16 Oct 22, 29th of the Year
I don`t usually begin with a text but it seems to me that today`s Communion sentence from Psalm 32 verses 18 & 19 sets the scene: “Behold, the eyes of the Lord are on those who fear him, who hope in his merciful love, to rescue their souls from death, to keep them alive in famine.”
The theme for today, from our scripture readings, certainly points to perseverance in both faith and prayer and this is hardly surprising when we reflect upon the readings of previous weeks and, indeed, the pastoral epistles of St. Paul to Timothy and Titus which the Tuesday Study Groups are considering at some depth. Indeed, in today`s second reading from St. Paul`s second letter to Timothy where he writes these words of encouragement: “…ever since you were a child, you have known the holy scriptures – from these you can learn the wisdom that leads to salvation through faith in Christ Jesus” we can witness the warmth and encouragement that Paul offers to his friend and disciple.
The Old Testament lesson from Exodus, the book concerning Moses leading the Children of Israel out of Egypt and towards the Promised Land (I say, “towards” because Moses did NOT enter the promised land, he viewed from the far side of the Jordan before being taken up to God, for he had no place of burial, as Joshua led them to their destination.) Throughout the Forty years in the Wilderness the People of Israel had been wayward, self-willed, disobedient, ungrateful and constantly moaning against God and against Moses. At Rephidim, following the miracle of the water from the rock at Horeb where the people were able to drink at the place Moses called Massah and Meribah the people still quarelled with each other and tested God and Moses. They were attacked by the Amalekites but Moses did not lose faith. Instead he commanded Joshua to choose warriors to fight against Amalek. Meanwhile Moses with Aaron his brother and Hur went to the top of the hill, Moses with the staff of God in his hand beseeching the Lord in prayer, We read that when he held the staff aloft then Israel prevailed, when he was fatigued and lowered his hand the Amalekites prevailed. Moses was weary but his companions sat him on a stone and held up his hands, one on each side of him, so that he could hold his hands and rod steady until sunset. Whereupon Joshua defeated Amalek and his hordes with the sword. An altar of adoration and thanksgiving was built on the spot which Moses called, ”The Lord is my banner.”.
The lesson, of course, is that God always answers prayer as long as that prayer is accompanied by faith. The answer may not be exactly what is asked for but rather what is needful for the person or persons petitioning God in the prayer.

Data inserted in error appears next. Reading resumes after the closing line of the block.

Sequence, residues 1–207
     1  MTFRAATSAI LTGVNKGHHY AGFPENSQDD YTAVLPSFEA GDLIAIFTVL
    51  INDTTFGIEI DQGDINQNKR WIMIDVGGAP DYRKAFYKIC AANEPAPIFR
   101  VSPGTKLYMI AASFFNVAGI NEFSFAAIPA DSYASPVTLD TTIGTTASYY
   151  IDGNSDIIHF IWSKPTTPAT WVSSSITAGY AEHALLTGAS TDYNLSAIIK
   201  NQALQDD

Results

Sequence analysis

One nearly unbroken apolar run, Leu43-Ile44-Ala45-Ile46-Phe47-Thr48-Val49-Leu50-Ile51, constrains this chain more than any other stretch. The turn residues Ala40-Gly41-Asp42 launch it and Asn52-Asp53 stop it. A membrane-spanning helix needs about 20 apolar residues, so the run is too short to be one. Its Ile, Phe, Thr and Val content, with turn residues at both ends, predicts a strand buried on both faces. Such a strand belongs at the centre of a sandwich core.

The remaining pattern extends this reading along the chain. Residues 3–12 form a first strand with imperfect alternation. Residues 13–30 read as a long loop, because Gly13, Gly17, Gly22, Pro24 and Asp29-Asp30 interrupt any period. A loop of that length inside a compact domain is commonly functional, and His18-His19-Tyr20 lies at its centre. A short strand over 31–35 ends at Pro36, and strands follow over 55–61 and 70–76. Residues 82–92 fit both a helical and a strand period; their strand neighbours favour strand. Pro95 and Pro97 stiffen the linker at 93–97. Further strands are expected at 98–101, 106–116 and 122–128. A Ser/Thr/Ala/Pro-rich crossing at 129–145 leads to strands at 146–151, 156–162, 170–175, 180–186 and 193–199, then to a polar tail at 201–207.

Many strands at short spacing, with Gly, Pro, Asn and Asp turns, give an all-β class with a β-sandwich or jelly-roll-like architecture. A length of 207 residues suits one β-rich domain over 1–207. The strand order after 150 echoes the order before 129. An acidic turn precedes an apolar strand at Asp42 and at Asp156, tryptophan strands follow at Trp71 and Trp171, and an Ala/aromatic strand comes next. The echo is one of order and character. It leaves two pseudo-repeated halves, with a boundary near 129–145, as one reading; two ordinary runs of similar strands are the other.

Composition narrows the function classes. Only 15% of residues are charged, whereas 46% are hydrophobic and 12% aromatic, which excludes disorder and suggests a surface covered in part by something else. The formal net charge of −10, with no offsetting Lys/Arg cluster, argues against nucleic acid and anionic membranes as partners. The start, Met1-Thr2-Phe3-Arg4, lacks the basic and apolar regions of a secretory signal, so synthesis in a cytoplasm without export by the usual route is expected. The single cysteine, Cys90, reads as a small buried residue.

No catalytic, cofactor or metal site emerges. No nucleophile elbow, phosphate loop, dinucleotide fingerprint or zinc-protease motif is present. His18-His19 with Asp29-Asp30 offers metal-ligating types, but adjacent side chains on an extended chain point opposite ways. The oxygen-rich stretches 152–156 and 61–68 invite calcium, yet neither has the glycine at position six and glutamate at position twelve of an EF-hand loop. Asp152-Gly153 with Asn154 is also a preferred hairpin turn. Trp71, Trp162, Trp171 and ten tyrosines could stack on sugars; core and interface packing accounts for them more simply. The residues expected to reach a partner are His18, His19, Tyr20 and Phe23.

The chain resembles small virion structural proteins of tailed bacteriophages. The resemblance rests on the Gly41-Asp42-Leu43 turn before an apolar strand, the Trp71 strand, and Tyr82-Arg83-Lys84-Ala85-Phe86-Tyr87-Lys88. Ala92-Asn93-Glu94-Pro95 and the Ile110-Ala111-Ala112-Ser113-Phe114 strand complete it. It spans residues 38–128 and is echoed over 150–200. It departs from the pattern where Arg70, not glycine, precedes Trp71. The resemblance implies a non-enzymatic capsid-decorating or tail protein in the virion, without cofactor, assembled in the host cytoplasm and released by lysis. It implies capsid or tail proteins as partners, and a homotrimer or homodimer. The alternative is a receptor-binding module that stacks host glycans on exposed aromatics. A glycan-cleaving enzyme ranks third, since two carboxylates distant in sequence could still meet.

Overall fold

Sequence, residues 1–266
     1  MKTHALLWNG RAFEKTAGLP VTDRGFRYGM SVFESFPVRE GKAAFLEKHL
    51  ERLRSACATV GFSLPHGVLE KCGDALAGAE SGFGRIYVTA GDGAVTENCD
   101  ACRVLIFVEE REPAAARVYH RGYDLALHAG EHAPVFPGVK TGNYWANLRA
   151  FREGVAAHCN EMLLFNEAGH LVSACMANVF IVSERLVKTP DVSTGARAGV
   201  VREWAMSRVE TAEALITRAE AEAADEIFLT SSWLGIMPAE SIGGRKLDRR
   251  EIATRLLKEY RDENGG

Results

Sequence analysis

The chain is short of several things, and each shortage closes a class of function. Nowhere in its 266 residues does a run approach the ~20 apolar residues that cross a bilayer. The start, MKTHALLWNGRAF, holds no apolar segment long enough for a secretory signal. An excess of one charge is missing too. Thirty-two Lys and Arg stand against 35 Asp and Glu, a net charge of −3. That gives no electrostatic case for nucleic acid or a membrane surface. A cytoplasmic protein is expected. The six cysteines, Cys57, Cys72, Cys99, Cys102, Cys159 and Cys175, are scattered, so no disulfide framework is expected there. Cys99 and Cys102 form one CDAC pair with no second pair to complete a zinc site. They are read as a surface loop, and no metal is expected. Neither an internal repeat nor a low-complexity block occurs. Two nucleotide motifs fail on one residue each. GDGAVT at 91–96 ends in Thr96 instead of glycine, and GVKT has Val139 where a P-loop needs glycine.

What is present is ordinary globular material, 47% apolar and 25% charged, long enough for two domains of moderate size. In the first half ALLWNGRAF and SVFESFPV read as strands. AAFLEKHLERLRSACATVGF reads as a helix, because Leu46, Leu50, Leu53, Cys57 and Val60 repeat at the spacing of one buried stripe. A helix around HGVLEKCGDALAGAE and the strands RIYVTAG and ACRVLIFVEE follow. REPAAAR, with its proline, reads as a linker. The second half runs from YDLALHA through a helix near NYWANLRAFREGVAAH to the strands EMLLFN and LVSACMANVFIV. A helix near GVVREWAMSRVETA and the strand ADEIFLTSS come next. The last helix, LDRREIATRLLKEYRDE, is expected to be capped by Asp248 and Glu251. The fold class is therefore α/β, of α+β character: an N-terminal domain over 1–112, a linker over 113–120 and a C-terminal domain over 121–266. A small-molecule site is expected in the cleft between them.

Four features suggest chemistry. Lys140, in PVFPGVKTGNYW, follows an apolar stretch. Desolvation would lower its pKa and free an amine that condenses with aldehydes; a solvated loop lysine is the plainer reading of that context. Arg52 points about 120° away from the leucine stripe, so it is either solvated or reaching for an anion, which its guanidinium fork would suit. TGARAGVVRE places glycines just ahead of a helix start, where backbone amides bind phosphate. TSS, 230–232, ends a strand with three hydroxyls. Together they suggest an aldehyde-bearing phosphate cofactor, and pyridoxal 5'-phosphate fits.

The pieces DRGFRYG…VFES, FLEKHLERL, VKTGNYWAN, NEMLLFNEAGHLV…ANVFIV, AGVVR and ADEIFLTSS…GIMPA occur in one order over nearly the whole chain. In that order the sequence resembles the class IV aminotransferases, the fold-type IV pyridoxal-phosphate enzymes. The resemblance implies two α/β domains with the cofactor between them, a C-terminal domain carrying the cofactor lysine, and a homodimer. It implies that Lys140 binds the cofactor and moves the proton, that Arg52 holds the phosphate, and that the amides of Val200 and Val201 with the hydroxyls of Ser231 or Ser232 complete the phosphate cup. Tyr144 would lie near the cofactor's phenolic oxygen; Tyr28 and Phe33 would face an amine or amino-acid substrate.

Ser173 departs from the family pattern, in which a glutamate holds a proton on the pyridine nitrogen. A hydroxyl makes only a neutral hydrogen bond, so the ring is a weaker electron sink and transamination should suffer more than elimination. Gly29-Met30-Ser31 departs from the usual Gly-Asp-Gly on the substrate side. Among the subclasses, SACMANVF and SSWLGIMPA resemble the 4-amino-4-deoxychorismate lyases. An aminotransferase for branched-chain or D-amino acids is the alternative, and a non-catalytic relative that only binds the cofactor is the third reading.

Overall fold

In our Christian tradition this episode from the Old Testament, and we need to remember that the People of Israel were God`s First-Chosen People, has been taken as a symbol of perseverance in prayer for when people, not least ourselves, pray we open ourselves up to God`s grace. When through weariness or discouragement or laziness our prayer begins to wilt, we move ourselves away from that source of God`s strength.
The Gospel passage from Luke 18, 1 to 8 is sometimes called “The Parable of the Unjust Judge” or “The story of the lazy judge”. Well, yes, there is more than a hint of truth in both titles but surely the point of Jesus telling the tale was to point to the steadfastness of the widow who needed the situation to be sorted. The judge is portrayed as a rather pompous lazy character, one of the fat cats of the legal profession who cannot be bothered to make the just decision that she requires. It seems that this went on for a long time resulting in the widow being doubly frustrated and, presumably, more than a touch angry or resentful. Our Blessed Lord`s humour comes into the situation when he records “...but eventually, he thought,” the judge that is, “While it is true that I fear not God nor respect any human being, because this widow keeps bothering me, I shall deliver a just decision for her lest she finally come and strike me,”
Had the judge not decided the case for her you can imagine the widow going for him in a big way.
Jesus then goes on to explain how God will secure the rights of his chosen one who call out to him day and night.
It is, of course, true that we Christians can often be puzzled and of the opinion that God is sometimes indifferent to our pleas for spiritual favours which may appear to us to be essential for our pilgrim journey heavenwards. The failure to grant temporal and worldly favours is understandable – such might not be for our eternal good. Such questionings and many others arise in our minds not least because our human and limited intellects see only a small section of the immense tapestry which God is weaving for the human race.
In this parable of the Unjust Judge our Lord is showing us the need for perseverance in prayer. I remember a wise and venerable spiritual director saying over some important situation that required prayer and answer to prayer: “Remember, there are times when we need to storm Heaven with our prayers.” That does not mean vain repetition and words upon words but a reality of trust, faith and perseverance.
To quote Fr. Kevin O`Sullivan, an Irish Franciscan Friar, “Ask and you shall receive,” not perhaps what you wanted but what God knew you needed. “Seek and you shall find,” not the easy way which you thought you deserved, but the harder way which would make you more deserving of heaven. “Knock and it shall be opened unto you,” not the door you were standing at, which would have delayed or endangered your progress, but the door further down the street where refreshment and new courage to continue on your upward climb were awaiting you.
Anther gift that comes with faith and trust in our prayer life is discernment.